Exercise, like walks, jogs, running him on a bike, whatever his thing is that you like to do with him that he enjoys with you. Mental stimulation. That’s like obedience training. Thinking about doing “sit” and “down” and “sit” and “down”, “stand up”, “lay down”, “sit”, just like that. And also, doggie puzzles. All those things create mental fatigue.

Lastly, you want to make sure that he doesn’t need food, water, or a potty break, or all of the above.

That’s your tip.Hopefully you can put that to use with your dog in your house. I’m Jim Burwell. Keeper and I, as usual, can always be found at petiquettedog.com.

Better Dog Manners Outside – Start Inside

 

Get Better Dog Manners Outside by Doing This First Inside

 

I’m a firm believer that  better dog manners are achieved, if you set boundaries for your dog in your home.

You can call them boundaries, or rules, or whatever you want to call them, and you reinforce them daily, you’ll get much better dog manners outside.

All my clients that have adopted my “Think Outside the Box” dog training approach have found this to be amazingly true, they always get better dog manners.

Just what is my Outside the Box training approach? Well it’s very simple.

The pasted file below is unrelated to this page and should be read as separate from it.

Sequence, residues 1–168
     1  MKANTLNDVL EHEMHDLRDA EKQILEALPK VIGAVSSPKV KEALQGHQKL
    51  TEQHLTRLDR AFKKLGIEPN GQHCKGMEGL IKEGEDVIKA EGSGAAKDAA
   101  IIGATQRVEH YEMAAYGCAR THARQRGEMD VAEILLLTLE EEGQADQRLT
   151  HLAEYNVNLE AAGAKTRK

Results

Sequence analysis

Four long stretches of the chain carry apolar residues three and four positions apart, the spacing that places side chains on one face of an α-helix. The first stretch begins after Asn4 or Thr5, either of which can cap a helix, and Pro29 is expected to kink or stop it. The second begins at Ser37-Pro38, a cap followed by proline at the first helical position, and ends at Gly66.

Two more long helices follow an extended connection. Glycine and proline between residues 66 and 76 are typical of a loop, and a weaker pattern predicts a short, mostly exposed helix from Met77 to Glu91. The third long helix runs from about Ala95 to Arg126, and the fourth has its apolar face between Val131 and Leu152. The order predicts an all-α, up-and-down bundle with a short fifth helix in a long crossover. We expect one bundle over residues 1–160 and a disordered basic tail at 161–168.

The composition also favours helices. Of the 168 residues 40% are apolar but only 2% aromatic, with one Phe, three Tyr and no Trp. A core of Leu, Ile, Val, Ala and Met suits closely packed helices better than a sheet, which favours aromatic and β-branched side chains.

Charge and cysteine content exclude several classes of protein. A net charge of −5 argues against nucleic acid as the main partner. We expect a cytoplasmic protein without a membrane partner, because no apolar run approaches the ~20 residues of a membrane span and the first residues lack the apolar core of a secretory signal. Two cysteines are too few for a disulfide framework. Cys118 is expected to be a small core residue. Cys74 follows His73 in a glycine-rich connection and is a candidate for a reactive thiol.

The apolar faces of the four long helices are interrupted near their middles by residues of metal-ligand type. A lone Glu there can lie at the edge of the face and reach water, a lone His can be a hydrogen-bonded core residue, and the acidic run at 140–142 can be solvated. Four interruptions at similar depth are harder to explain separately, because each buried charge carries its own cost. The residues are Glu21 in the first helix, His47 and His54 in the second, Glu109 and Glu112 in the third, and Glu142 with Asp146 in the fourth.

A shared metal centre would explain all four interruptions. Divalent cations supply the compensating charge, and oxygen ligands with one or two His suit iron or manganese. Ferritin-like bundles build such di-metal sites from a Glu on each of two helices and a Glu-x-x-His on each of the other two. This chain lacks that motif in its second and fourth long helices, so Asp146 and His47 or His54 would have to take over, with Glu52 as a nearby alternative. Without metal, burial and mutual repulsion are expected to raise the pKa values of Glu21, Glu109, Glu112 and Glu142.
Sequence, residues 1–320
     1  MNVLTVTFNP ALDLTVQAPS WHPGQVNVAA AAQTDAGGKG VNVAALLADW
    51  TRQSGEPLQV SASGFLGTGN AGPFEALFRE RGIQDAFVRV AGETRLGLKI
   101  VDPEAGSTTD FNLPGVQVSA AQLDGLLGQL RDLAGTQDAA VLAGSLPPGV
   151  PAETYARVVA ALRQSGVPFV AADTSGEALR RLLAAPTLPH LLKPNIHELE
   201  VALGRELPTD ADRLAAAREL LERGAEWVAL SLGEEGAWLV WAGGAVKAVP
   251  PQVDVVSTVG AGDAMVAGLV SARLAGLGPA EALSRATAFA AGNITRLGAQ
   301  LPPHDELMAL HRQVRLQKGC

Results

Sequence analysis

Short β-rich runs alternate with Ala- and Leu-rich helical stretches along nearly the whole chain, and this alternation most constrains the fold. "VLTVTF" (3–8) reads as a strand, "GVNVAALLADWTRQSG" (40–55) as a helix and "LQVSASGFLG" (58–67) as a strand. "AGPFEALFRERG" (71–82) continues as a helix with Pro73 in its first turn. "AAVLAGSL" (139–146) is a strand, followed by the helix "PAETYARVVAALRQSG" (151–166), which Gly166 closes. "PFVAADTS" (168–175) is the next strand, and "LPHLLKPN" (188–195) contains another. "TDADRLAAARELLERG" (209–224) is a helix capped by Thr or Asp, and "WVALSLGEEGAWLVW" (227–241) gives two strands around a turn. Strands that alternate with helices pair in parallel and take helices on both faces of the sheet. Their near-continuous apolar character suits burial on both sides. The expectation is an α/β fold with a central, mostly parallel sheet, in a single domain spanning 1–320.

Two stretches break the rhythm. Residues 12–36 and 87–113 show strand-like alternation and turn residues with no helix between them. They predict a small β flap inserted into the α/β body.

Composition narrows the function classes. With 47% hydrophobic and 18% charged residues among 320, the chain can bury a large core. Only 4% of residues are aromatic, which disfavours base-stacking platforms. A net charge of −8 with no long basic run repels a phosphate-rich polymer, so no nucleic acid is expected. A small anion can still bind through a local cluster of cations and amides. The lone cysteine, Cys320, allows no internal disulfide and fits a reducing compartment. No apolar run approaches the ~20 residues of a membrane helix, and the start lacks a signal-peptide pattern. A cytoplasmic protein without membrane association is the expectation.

Better Dog Manners With One Easy Tip

Put a leash on your dog in the house to control and reinforce what you want your dog to do, and what you don’t want your dog to do.

That’s  things like:   jumping on the furniture when not allowed, jumping on the kids, chasing the kids, nipping and biting, jumping on house guests.

There’s a lot of issues that I talk to people about all of the time.  I found out a long time ago, that dogs are a lot more compliant, and responsible when they’re on a leash or line,

Why?  Because if  they’re off leash, they get to do whatever they want to do. So it’s time to nip that in the bud.

Now, while it seems like a hassle to do, it’s really not.

Why? Because I teach you what to do and how to do it, and also when to do it.

That makes it easy and hassle free.

Better Dog Manners Combines Inside and Outside Training

Now of course, you still have to train outside, no getting around that, but you’re not starting at zero, you’re starting with a dog that’s already developed good listening skills.

That makes it much easier to get the desired behaviors you want outside.

I’m Jim Burwell, I’m on the road today to get more people thinking outside the box with their dogs.

So, tell me, what’s your takeaways from this lesson, and how can you put this best to use with your dog?

Make Your Dog A Genius

How To Make Your Dog A Genius

The Steps to Make Your Dog A Genius

Make Your Dog A Genius

Teach him to identify toys by name. It’s easy, anyone can do it you saw in the video above.

Here’s Steps To Bring Out The Genius In Your Dog

1. Pick out a few doggie toys – for Keeper it’s Foxy(his stuffed fox, tennis ball (specifically an Orange tennis ball,  and his Kong toy.